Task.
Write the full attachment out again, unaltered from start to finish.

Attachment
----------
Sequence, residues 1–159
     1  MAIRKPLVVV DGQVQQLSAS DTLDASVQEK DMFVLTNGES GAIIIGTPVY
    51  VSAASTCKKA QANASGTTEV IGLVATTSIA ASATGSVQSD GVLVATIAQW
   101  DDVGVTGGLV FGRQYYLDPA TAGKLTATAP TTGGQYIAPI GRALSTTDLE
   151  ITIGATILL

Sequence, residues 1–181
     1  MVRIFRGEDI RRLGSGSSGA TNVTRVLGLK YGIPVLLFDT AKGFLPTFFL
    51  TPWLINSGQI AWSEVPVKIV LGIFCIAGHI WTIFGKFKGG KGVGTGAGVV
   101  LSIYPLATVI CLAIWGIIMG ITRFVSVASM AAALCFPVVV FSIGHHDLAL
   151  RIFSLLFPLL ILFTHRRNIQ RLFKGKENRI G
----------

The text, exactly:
Sequence, residues 1–159
     1  MAIRKPLVVV DGQVQQLSAS DTLDASVQEK DMFVLTNGES GAIIIGTPVY
    51  VSAASTCKKA QANASGTTEV IGLVATTSIA ASATGSVQSD GVLVATIAQW
   101  DDVGVTGGLV FGRQYYLDPA TAGKLTATAP TTGGQYIAPI GRALSTTDLE
   151  ITIGATILL

Sequence, residues 1–181
     1  MVRIFRGEDI RRLGSGSSGA TNVTRVLGLK YGIPVLLFDT AKGFLPTFFL
    51  TPWLINSGQI AWSEVPVKIV LGIFCIAGHI WTIFGKFKGG KGVGTGAGVV
   101  LSIYPLATVI CLAIWGIIMG ITRFVSVASM AAALCFPVVV FSIGHHDLAL
   151  RIFSLLFPLL ILFTHRRNIQ RLFKGKENRI G